A Note on the Internet
The Internet has many virtues and, indeed, it has now become an essential tool for scholarly research (as it has in so many other areas of life).
It is extremely important that you know, however, that the Internet has limitations. The most significant of these is that there is little historical content on the Web; whatever content does exist in cyberspace typically dates from the creation of the Net itself (the mid-1990s) and hence may be of very limited use to history students. Many scholarly organizations, libraries and universities (as well as newspapers, magazines, news wires and other information-gathering organizations) have posted sophisticated indexes on the Web, which are extremely useful in finding research resources; but for the most part the resources themselves still exist only in hard copy in lending institutions. You cannot, in short, expect to find sources on the Web that will take the place of books, articles and especially primary documents.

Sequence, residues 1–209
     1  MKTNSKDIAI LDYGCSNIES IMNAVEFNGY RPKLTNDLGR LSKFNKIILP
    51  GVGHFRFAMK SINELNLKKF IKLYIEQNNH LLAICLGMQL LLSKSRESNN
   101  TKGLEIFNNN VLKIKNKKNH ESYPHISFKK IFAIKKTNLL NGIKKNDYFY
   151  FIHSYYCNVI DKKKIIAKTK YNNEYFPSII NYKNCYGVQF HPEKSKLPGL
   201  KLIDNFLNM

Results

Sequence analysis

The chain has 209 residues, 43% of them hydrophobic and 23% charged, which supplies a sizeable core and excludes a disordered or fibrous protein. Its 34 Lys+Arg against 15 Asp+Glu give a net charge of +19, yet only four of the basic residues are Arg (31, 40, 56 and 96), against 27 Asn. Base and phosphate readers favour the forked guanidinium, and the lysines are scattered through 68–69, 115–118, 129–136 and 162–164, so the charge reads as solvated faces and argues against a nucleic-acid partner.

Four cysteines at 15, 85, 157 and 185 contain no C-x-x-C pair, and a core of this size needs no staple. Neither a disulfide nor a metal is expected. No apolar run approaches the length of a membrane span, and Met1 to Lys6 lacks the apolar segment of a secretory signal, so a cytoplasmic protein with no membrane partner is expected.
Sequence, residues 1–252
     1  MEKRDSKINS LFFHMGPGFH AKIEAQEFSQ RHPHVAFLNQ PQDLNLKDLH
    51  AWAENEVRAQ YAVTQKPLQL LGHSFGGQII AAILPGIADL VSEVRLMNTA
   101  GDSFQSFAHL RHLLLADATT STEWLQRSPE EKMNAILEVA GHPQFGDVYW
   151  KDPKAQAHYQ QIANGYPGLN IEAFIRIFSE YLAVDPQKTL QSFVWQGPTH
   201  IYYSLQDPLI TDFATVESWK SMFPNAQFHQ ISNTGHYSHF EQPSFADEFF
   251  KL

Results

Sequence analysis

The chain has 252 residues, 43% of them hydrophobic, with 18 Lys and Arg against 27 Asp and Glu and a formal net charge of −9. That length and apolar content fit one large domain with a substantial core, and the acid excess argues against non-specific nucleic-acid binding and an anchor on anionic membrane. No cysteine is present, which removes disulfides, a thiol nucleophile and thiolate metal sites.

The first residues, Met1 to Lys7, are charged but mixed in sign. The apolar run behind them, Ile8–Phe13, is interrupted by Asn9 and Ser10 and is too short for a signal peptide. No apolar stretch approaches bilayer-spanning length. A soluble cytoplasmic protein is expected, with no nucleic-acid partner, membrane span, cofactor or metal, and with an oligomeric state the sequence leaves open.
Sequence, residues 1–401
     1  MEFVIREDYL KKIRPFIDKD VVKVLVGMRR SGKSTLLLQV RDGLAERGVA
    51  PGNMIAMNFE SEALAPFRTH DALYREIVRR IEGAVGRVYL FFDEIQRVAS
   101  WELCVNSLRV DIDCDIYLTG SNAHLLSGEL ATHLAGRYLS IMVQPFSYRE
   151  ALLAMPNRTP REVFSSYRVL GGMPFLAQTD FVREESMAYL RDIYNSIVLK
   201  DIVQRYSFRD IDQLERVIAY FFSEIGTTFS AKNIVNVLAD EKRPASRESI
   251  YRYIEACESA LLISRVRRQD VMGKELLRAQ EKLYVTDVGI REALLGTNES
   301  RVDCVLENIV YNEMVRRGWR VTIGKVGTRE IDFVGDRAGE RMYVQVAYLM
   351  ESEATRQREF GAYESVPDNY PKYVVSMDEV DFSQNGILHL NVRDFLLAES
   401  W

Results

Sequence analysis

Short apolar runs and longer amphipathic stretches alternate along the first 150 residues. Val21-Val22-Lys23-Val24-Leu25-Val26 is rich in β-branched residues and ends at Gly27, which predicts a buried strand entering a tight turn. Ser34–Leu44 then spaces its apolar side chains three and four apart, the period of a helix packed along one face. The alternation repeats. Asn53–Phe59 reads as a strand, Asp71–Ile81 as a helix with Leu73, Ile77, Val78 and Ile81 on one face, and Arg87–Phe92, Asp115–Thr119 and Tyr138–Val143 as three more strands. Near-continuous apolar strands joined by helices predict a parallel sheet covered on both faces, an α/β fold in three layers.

This situation is, however, changing rapidly as various archives, universities, think tanks and libraries digitize and post original collections online. The posting of original historical documents promises top be a boon to undergraduate students; but, as with any primary sources, they must be treated with caution. When you find historical (or other scholarly) content on the Web, it is imperative that you judge its quality as you would any other source, i.e. with reference to its authorship, bibliographic credentials, institutional credibility, etc.
Anonymous or poorly attributed sources from the Internet will not be regarded as acceptable sources in university-level research and writing.